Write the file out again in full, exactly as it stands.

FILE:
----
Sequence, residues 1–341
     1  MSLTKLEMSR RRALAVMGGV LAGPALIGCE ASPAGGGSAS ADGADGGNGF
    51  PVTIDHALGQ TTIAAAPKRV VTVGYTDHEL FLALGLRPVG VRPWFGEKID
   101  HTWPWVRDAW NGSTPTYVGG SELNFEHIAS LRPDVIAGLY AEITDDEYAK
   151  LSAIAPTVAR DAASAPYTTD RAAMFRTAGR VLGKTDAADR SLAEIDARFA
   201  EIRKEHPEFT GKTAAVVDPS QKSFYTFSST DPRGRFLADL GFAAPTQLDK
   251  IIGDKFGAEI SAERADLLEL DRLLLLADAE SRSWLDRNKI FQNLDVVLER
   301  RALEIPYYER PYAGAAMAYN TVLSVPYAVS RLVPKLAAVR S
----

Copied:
Sequence, residues 1–341
     1  MSLTKLEMSR RRALAVMGGV LAGPALIGCE ASPAGGGSAS ADGADGGNGF
    51  PVTIDHALGQ TTIAAAPKRV VTVGYTDHEL FLALGLRPVG VRPWFGEKID
   101  HTWPWVRDAW NGSTPTYVGG SELNFEHIAS LRPDVIAGLY AEITDDEYAK
   151  LSAIAPTVAR DAASAPYTTD RAAMFRTAGR VLGKTDAADR SLAEIDARFA
   201  EIRKEHPEFT GKTAAVVDPS QKSFYTFSST DPRGRFLADL GFAAPTQLDK
   251  IIGDKFGAEI SAERADLLEL DRLLLLADAE SRSWLDRNKI FQNLDVVLER
   301  RALEIPYYER PYAGAAMAYN TVLSVPYAVS RLVPKLAAVR S